In certain example embodiments, the micro-lenses of an RBM may be fabricated using gray-scale lithography, to produce arbitrary surface structures in a micro-lens format. Each lens element may configured for directing light in a controlled direction enabling arbitrary and asymmetric scattering angles as shown in FIGS. 4-5. It is possible to make a master to replicate the RBM using a variety of high-volume manufacturing processes and materials as in the replication of micro-lens features, profile slope angle is more important than profile height. FIGS. 4-5 show how the refractive beam mapper superimposes rays from the back LCD 2 onto the front LCD 1 from an observer's point of view. The beam paths are mapped in a pseudo random fashion so not to introduce other artifacts such as extra moiré. The underlying LCD structure 2 is randomized and thus incapable of generating significant moiré interference with the top LCD 1.

Alternatively, a diffuser may instead be used for the construction of a moire suppression element. While the process can be adapted to make a refractive beam mapper, engineered diffusers can also be used as optimal diffuser elements for more reduction. Diffusers are not as desirable as a refractive beam element.

The refractive beam mapper may exhibit various features. For example, an RBM may exhibit achromatic performance. In addition, an RBM may exhibit arbitrary/asymmetric scattering angles. Further, an RBM may exhibit controlled intensity distribution patterns (e.g., circular, square, rectangular, elliptical, line, ring, etc.). Also, an RBM may exhibit controlled intensity profiles (e.g., flat top, Gaussian, batwing, custom, etc.). An RBM may also exhibit high optical transmission efficiency (e.g., 90 percent). Additionally, an RBM may exhibit the preservation of polarization. An RBM may be of or include various materials, such as polymer injection molding, hot embossed polymers, polymer-on-glass components, etc.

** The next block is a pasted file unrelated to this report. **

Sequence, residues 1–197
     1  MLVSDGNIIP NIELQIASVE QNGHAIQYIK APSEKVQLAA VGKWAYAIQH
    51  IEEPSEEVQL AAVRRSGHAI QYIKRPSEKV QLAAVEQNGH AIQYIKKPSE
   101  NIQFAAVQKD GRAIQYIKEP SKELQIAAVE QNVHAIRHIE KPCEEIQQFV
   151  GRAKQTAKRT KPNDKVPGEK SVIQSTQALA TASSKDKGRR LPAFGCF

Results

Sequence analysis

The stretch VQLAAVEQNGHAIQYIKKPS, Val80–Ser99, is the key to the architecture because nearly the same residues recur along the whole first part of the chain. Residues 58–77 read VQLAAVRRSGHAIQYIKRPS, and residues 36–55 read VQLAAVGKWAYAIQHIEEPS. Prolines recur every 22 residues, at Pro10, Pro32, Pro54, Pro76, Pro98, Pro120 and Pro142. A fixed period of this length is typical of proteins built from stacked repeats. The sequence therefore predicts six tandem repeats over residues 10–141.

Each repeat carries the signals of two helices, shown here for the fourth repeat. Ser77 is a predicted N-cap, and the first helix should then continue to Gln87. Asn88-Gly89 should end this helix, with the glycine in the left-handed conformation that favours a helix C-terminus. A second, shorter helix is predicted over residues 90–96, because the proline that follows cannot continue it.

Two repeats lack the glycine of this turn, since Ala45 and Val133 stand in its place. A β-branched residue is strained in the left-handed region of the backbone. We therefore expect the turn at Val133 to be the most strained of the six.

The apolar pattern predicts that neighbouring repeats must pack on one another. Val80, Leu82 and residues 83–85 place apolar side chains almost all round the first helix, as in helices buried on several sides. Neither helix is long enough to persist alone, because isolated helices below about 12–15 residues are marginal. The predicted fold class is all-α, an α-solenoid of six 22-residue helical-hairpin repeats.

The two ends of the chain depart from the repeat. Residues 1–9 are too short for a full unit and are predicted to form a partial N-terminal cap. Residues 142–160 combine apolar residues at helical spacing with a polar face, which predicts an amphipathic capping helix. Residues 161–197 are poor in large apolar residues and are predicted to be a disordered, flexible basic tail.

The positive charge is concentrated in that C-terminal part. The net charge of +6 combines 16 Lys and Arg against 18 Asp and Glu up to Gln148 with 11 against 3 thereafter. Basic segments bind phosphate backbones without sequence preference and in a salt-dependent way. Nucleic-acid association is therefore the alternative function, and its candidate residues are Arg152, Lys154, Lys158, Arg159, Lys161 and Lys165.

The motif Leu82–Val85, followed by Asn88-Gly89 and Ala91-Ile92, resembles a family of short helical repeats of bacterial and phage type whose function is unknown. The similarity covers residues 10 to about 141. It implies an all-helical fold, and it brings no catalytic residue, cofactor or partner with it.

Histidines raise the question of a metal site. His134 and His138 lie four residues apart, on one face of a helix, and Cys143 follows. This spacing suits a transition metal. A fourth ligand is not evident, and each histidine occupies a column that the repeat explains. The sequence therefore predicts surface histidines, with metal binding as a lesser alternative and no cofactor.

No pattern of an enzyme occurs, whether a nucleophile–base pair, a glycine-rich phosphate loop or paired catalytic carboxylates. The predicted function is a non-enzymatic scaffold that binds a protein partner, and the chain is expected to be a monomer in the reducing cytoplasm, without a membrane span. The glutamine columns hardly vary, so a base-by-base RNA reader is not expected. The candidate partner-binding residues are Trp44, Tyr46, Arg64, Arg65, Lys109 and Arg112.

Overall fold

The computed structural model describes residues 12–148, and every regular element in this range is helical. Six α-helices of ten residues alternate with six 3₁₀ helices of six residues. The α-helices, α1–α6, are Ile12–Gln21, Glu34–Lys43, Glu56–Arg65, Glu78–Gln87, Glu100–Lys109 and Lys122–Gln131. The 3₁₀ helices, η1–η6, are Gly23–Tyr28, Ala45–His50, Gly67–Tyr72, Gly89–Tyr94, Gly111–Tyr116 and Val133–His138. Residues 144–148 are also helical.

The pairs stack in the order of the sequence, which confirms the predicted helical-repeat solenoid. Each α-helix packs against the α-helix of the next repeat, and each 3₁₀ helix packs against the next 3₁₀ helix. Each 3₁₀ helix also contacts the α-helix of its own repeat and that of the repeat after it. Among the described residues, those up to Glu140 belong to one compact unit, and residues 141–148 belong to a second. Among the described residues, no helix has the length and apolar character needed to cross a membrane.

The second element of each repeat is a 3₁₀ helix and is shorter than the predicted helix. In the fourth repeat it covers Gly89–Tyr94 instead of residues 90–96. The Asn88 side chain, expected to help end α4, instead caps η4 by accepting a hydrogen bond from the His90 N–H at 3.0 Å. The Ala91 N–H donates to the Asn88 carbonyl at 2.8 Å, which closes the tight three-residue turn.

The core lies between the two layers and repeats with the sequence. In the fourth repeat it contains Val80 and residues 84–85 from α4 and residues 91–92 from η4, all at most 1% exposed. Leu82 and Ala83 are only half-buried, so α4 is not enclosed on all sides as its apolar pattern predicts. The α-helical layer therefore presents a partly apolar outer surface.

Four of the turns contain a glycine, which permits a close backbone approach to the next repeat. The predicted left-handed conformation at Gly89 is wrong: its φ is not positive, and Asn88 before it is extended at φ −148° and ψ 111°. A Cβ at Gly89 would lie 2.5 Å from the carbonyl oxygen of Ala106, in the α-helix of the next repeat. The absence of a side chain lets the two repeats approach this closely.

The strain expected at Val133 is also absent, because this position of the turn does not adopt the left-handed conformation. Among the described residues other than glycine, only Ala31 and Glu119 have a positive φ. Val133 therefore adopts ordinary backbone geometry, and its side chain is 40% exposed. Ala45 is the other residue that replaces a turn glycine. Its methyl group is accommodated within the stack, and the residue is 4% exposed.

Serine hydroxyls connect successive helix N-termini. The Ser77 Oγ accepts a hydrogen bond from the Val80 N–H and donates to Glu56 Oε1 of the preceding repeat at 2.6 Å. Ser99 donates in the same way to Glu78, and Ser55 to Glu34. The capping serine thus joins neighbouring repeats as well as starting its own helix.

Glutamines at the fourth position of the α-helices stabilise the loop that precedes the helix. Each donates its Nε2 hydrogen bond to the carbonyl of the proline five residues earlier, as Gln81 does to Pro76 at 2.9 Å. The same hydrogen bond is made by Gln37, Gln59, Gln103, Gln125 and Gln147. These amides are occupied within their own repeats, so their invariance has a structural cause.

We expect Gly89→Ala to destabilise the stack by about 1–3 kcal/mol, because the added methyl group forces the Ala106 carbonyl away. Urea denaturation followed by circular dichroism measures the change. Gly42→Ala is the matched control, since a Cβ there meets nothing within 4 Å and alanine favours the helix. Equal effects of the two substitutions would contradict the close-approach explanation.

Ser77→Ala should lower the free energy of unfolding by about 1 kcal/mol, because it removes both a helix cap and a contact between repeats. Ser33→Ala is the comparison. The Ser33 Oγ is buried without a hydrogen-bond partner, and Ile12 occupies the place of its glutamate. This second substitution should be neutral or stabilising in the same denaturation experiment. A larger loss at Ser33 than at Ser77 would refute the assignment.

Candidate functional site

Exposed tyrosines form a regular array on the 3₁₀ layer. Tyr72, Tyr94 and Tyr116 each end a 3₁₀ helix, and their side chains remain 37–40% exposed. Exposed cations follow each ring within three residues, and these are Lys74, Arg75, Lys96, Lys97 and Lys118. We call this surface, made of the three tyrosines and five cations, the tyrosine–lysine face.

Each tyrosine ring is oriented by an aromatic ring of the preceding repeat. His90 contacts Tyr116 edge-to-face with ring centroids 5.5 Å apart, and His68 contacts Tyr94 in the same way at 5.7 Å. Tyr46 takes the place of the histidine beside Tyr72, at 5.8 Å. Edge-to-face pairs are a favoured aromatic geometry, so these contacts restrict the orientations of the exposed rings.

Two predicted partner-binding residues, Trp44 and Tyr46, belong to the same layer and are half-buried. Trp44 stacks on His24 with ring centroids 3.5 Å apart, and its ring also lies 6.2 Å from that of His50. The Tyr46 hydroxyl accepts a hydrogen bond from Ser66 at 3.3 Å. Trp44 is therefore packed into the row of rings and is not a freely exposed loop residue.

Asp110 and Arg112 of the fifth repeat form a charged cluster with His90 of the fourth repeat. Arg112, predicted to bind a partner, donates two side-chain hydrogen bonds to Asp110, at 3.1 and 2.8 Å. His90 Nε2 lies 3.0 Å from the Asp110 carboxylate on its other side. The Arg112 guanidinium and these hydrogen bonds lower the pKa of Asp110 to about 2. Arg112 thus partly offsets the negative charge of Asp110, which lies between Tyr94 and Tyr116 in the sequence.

Moiré interference in MLD is commonly suppressed by adding a diffuser element (as opposed to a beam mapping element) between the back LCD and the observer so that the pixel structure in the back LCD is blurred. The greater the diffuser spread the less the moiré but correspondingly the observed resolution of the back LCD is reduced. This becomes an optimization problem and can be described as an image quality cost function IQC which can range from 0 to 4, 0 being perfect and 4 being worst for both moire and blurring. Factors to consider include contrast=(max−min)/(max+min) where (1 is best, 0 is worst); crosstalk=1—contrast of alternating black and white lines (range 0:1); moiré=contrast of moire for constant white pattern on both LCD's (range 0:1); IQC=moiré_X+moiré_Y+crosstalk_X+crosstalk_Y (i.e. range is 0:4), the lower this value, the better. Normally the cost function would have a realistic maximum of approximately 2 as shown by the following limits: no diffuser: moire_X+moire_Y=2, crosstalk_X+crosstalk_Y=0; and strong diffuser: moire_X+moire_Y=0, crosstalk_X+crosstalk_Y=2.